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LMAKprojects (Williamsburg)
60 North 6th Street, 718-599-0089
March 23 - April 22, 2007
Reception: Friday, March 23, 6 - 9 PM
Web Site

The collection of works depicts the mercureal nature of solitude: solitude can be heavy or light, joyful or anxious, liberating or alienating. We can choose solitude or endure it. We can experience and face it alone, or with others. Solitude is an essential part of our lives. Yet nobody teaches us how to experience it.

In their works, Agostini, Ahn and Ferreira emphasize the fact that solitude is inseparable from our history and humanity. Each one of their works approaches solitude from a different angle. Nicoletta Agostini shows solitude within the context of couples, within relationships and after separation. Isabelle Ferreira shares with us the solitude of the creator, the difficulty of feeling alone, but also the stark beauty of what we can achieve when we accept our solitude. Ok Hyun Ahn’s work makes us confront ourselves and our personal solitude, within a group of spectators. Each artist, in her own way, encourages us to experience the solitude which arises from self-awareness, and the consciousness that emerges from solitude.

In Le petit Dejeuner by Nicoletta Agostini, a double projection work created in 2001, the viewer faces a table where a short double breakfast scene is taking place: there are two characters played by Agostini (though we do not see their faces) standing opposite each other. In this work, there is no language, no dialogue. All we see and hear is a ballet of gestures and sounds occurring simultaneously in the two projections. The video was inspired by a work by the French poet Jacques Prevert entitled Le petit Dejeuner. In the poem, Prevert describes a breakfast duo scene with very concise actions. The text inspired the entire work by Agostini up to the end when one of the protagonists leaves the scene, at the same time leaving the life of the other person. The minimalism of the subject and actions is reminiscent of a mime scene. We face a contemporary still life, like a living painting where the two individuals’ solitude culminates at the end in their separation.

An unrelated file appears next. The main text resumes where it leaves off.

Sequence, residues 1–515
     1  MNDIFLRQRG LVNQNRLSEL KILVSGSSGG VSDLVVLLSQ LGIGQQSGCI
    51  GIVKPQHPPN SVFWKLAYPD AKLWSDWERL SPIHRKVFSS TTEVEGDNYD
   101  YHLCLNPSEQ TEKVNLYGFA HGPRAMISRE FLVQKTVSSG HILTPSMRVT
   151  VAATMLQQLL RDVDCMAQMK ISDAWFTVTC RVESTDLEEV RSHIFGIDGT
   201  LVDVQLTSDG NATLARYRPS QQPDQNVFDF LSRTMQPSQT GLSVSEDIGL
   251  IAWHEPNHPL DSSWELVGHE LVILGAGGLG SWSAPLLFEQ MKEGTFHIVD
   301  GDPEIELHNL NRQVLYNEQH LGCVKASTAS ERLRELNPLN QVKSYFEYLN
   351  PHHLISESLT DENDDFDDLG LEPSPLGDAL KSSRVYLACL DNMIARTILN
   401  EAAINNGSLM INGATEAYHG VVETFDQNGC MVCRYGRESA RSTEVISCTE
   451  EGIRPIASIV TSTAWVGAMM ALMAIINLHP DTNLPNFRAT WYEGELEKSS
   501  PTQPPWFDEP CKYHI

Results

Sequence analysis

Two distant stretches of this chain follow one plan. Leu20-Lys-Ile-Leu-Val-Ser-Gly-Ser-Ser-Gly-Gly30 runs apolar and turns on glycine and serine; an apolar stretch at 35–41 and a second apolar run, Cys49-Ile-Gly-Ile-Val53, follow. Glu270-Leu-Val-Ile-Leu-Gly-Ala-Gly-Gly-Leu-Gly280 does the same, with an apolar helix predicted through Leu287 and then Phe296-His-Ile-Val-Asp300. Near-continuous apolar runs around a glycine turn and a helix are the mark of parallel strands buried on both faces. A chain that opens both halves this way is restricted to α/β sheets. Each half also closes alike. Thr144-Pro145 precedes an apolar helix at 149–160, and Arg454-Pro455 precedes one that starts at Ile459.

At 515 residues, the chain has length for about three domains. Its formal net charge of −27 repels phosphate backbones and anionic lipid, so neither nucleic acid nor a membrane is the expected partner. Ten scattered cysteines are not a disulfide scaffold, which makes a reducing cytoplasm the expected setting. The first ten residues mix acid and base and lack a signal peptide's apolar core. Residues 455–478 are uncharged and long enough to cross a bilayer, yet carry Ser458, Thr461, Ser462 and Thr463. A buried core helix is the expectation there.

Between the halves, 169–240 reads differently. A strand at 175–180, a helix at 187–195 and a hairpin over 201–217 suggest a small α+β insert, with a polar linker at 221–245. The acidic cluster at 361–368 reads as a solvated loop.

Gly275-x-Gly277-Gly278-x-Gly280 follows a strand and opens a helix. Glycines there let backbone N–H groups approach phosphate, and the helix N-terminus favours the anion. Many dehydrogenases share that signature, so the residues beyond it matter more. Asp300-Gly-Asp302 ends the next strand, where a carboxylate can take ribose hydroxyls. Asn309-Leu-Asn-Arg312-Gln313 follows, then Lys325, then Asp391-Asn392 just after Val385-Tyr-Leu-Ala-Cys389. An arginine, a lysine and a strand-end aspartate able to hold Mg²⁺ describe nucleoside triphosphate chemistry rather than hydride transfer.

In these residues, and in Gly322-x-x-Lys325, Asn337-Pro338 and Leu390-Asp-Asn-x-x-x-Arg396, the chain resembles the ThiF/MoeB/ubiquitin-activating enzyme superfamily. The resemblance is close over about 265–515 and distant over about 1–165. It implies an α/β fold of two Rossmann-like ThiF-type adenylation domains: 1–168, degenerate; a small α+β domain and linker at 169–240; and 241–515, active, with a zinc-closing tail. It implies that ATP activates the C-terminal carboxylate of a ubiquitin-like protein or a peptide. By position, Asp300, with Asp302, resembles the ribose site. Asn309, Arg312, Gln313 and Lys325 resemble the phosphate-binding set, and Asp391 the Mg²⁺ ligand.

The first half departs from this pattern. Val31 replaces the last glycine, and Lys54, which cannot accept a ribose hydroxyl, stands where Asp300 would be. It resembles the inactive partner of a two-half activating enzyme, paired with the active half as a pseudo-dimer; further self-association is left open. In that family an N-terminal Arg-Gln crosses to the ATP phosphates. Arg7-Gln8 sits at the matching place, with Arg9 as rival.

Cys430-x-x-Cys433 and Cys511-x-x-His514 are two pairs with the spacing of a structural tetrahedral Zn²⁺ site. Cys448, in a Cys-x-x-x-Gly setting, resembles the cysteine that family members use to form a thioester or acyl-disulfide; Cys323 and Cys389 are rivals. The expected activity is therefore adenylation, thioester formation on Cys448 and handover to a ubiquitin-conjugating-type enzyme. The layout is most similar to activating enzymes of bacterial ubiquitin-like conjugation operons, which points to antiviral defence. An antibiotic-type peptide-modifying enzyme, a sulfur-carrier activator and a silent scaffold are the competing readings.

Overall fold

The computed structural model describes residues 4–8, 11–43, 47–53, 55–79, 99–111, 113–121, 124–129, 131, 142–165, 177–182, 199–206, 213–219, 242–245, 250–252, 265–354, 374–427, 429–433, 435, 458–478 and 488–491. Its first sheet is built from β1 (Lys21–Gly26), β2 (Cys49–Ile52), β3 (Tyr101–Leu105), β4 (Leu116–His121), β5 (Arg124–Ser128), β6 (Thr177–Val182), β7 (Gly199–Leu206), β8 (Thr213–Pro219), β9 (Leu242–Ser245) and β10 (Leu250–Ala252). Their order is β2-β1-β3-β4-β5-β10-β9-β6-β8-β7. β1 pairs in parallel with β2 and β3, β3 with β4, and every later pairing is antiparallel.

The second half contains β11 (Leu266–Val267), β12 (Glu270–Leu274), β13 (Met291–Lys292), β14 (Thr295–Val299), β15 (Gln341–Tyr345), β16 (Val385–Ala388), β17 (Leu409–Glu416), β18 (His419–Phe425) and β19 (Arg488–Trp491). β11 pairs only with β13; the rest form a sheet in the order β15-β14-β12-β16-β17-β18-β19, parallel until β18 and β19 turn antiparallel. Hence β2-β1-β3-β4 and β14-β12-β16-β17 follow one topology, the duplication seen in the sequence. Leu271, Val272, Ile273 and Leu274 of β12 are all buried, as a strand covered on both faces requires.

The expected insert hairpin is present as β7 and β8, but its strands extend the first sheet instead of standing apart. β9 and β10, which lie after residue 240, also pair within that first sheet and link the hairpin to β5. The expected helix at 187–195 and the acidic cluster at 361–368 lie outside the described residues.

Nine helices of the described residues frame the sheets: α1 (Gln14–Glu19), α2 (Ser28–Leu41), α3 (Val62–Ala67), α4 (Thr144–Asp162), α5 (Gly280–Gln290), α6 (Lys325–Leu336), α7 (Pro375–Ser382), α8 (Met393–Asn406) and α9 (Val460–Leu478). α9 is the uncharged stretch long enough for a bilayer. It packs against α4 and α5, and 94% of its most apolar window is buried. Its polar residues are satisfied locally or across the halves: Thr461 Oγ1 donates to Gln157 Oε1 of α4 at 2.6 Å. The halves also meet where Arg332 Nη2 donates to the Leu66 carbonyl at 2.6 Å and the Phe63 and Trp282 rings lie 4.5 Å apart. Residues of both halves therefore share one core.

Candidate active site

In The Little Electric Torch Of The Usherette (2003) by Ok Hyun Ahn, the viewer observes eleven individuals who are, in turn, watching films in movie theatres. The portraits are mixed with subtitles, movie soundtracks, and external images. The subtitles in the video seem to be the daydreams of the work’s spectators who are engrossed in the films’ narratives, and the movie soundtracks seem to come from the screen they are watching. However, all the film’s thoughts and words have been written, located, and orchestrated by the artist. The first phrase we read on the screen is “I am bored” and one phrase later ” when will I be released from this boredom?” In the film, we follow the spectators’ thoughts, we hear the movie and see the people’s faces and in so doing we are facing their solitude just as they face their own solitude and ours.

In the two works we present by Isabelle Ferreira, we have a sense of viewing a moving painting similar to the one in Agostini’s work. Here, even the title of the work underlines this idea: Tableau de 8 minutes (Eight minute painting), 2003. In Eight minute painting, Ferreira is filmed walking towards a slag heap and strenuously and laboriously ascending it. In Valse (Waltz), 2004, the artist is sitting alone in front of a wooden table, miming as if she is playing a waltz by Chopin, and again with the same relentlessness as in the ascension in Tableau de 8 minutes. Both works, in their differing actions, evoke a sense of melancholy, a sense of the absurd. Ferreira in spare settings evokes both a sense of emptinesswhile making us aware of the artist’s inner voice.

In the four works in this exhibition, the viewer, in different ways, faces the hidden, mute solitude which we call life. The works look at us, and allow us to shed light on a different part of ourselves. Like a lighthouse emitting signals to another lighthouse, one person’s solitude reflecting the solitude of another. In the reflection of these powerful works, we inevitably reflect upon ourselves, and recognize our own reflection.
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